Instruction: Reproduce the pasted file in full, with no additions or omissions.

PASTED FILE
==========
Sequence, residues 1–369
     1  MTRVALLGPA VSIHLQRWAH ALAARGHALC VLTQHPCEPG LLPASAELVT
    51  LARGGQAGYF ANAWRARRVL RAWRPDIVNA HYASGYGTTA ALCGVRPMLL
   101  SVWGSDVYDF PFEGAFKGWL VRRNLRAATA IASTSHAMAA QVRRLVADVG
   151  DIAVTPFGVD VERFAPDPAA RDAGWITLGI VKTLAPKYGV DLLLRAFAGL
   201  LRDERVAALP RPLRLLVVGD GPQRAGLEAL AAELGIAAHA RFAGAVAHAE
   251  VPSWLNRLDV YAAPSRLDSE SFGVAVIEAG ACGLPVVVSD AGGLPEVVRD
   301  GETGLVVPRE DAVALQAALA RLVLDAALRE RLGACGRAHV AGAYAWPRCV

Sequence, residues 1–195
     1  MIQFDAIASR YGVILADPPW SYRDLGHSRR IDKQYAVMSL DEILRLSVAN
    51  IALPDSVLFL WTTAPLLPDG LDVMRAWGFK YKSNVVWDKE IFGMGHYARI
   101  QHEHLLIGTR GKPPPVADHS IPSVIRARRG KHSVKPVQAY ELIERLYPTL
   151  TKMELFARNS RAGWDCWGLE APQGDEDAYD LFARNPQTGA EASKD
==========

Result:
Sequence, residues 1–369
     1  MTRVALLGPA VSIHLQRWAH ALAARGHALC VLTQHPCEPG LLPASAELVT
    51  LARGGQAGYF ANAWRARRVL RAWRPDIVNA HYASGYGTTA ALCGVRPMLL
   101  SVWGSDVYDF PFEGAFKGWL VRRNLRAATA IASTSHAMAA QVRRLVADVG
   151  DIAVTPFGVD VERFAPDPAA RDAGWITLGI VKTLAPKYGV DLLLRAFAGL
   201  LRDERVAALP RPLRLLVVGD GPQRAGLEAL AAELGIAAHA RFAGAVAHAE
   251  VPSWLNRLDV YAAPSRLDSE SFGVAVIEAG ACGLPVVVSD AGGLPEVVRD
   301  GETGLVVPRE DAVALQAALA RLVLDAALRE RLGACGRAHV AGAYAWPRCV

Sequence, residues 1–195
     1  MIQFDAIASR YGVILADPPW SYRDLGHSRR IDKQYAVMSL DEILRLSVAN
    51  IALPDSVLFL WTTAPLLPDG LDVMRAWGFK YKSNVVWDKE IFGMGHYARI
   101  QHEHLLIGTR GKPPPVADHS IPSVIRARRG KHSVKPVQAY ELIERLYPTL
   151  TKMELFARNS RAGWDCWGLE APQGDEDAYD LFARNPQTGA EASKD